Welcome back! With the new semester underway, check out “The Coddling of the American Mind,” the new Atlantic cover story that’s been generating plenty of buzz, along with some helpful tips to get your school year off to a great start.
Have students gone too far in their demands to be protected from offensive or emotionally troubling speech? The authors of the essay on this hotly debated topic believe so. Citing a rash of incidents in which students have insisted that “offensive” books, ideas, and speakers be banned from campus, they argue that, in caving to students’ demands, universities are curbing academic freedom. What’s more, they say, such sheltering is detrimental to students’ thought patterns and mental health.
The Atlantic, September 2015 issue.
Academic committee meetings often aren’t very effective. But by borrowing a few ideas from the corporate world, you can make meetings far less painful. Some things to try include: keeping committees small and streamlined; having “working meetings” instead of meetings whose purpose is just to distribute information; and not letting anyone leave a meeting without action items to work on.
Inside Higher Ed, Aug. 14.
Frustrated by the way students kept arriving late to her classes, one professor asked them what would convince them to get to class on time. They recommended calling out late students, giving surprise extra credit assignments in the first few minutes of the period, and making class more entertaining, but said they resented surprise quizzes. Here’s how she used their feedback to encourage punctuality.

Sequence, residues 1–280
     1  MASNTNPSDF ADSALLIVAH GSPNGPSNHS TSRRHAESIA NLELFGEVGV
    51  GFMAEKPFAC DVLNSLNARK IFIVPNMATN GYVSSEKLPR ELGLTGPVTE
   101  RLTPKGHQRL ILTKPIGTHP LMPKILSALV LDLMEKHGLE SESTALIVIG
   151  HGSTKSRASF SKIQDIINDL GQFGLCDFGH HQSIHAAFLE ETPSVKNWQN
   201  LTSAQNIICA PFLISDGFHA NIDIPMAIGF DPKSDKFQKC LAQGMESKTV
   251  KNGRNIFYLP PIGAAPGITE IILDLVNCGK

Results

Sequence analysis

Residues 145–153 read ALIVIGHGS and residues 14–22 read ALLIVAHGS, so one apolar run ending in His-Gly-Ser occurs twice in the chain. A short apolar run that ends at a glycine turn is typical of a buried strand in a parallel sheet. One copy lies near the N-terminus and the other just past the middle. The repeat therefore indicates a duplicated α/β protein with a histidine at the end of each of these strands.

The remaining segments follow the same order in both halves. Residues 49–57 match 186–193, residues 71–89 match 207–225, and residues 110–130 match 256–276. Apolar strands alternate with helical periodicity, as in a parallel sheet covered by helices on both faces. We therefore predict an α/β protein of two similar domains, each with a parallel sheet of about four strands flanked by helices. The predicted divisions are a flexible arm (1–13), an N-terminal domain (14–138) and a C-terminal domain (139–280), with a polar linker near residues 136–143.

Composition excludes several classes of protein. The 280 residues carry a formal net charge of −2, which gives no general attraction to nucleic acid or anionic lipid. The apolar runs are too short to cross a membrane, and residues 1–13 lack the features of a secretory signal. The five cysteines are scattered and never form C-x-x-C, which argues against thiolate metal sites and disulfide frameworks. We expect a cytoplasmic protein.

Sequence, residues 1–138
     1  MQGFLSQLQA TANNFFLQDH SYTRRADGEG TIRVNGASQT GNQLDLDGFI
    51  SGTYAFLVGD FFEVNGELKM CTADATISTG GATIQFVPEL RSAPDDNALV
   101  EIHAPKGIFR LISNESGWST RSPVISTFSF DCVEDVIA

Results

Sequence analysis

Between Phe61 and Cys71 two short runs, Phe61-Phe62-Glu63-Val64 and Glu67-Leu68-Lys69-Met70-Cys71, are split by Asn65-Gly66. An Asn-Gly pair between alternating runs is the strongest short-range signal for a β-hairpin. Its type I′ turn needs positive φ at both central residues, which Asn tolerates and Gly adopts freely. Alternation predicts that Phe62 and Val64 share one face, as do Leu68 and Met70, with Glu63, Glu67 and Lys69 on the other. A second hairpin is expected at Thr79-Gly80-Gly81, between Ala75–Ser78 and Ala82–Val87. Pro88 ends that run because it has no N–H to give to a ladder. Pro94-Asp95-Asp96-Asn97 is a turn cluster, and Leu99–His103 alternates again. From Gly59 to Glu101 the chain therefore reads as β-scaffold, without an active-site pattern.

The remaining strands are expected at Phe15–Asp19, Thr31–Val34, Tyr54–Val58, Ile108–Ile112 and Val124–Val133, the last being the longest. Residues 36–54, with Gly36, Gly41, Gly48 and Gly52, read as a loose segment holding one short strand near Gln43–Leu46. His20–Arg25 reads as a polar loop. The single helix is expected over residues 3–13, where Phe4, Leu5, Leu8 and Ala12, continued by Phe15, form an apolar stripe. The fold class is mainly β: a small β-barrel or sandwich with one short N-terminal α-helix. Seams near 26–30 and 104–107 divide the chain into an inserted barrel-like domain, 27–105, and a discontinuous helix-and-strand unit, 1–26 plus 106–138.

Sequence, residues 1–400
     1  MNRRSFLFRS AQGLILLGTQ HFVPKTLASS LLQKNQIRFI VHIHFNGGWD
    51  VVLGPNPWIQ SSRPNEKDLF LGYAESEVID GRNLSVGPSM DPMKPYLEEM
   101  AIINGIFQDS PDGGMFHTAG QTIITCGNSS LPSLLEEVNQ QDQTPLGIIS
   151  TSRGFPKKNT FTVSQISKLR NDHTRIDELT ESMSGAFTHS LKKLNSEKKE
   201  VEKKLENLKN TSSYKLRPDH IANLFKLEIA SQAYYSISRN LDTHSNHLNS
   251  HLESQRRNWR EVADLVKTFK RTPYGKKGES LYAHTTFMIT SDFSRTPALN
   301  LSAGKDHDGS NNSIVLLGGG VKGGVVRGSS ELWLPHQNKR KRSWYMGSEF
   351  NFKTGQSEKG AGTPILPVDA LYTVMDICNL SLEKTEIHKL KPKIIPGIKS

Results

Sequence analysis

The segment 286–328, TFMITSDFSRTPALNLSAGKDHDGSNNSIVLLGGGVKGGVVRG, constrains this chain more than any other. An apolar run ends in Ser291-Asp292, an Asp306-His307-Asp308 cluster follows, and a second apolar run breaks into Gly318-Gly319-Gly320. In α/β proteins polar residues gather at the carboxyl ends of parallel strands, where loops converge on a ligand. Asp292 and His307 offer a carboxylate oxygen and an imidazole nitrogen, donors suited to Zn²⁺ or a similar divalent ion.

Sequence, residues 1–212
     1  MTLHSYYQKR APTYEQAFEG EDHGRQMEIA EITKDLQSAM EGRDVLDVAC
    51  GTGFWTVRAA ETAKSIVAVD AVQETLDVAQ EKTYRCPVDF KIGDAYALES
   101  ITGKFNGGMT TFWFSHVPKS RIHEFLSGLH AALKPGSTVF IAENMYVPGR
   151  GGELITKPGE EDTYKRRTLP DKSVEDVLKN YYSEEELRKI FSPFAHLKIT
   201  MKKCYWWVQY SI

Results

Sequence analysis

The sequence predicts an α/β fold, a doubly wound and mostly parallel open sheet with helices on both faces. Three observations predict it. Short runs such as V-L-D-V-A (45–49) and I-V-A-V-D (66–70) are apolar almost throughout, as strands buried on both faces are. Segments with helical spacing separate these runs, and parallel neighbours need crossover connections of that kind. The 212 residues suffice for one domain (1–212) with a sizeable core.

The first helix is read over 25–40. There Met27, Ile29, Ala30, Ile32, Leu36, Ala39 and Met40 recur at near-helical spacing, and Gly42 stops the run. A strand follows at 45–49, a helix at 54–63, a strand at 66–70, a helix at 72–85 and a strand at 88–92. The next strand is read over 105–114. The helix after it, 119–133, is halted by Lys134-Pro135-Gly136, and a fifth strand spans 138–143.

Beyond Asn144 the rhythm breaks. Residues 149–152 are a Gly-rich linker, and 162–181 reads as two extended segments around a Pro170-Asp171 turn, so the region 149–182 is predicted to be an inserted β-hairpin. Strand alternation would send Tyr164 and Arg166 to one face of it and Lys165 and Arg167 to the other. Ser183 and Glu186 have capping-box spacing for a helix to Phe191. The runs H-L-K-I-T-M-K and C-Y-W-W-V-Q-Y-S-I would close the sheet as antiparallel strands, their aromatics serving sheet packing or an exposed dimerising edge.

The Chronicle of Higher Education, Aug. 5.
Many people still picture professors as 60-something white men with glasses, typically bearded and wearing tweed. As a result, professors who don’t conform to this image are often mistaken for students or staff. But, as the pictures accompanying the Twitter hashtag #ILookLikeAProfessor prove, faculty are a diverse bunch—and some even prefer silver shoes and heavy metal T-shirts to tweed.
Mashable, Aug. 11.
It’s no secret that college administrators are typically well paid, but their benefits are also pretty plush. As a recent survey found, more than 70% of college presidents get free cars or car allowances. Other common perks include housing allowances, free country club dues, bonuses, and severance pay. These benefits have come under greater scrutiny lately given the focus on rising college costs and student loan debt.
The Hechinger Report, Aug. 5.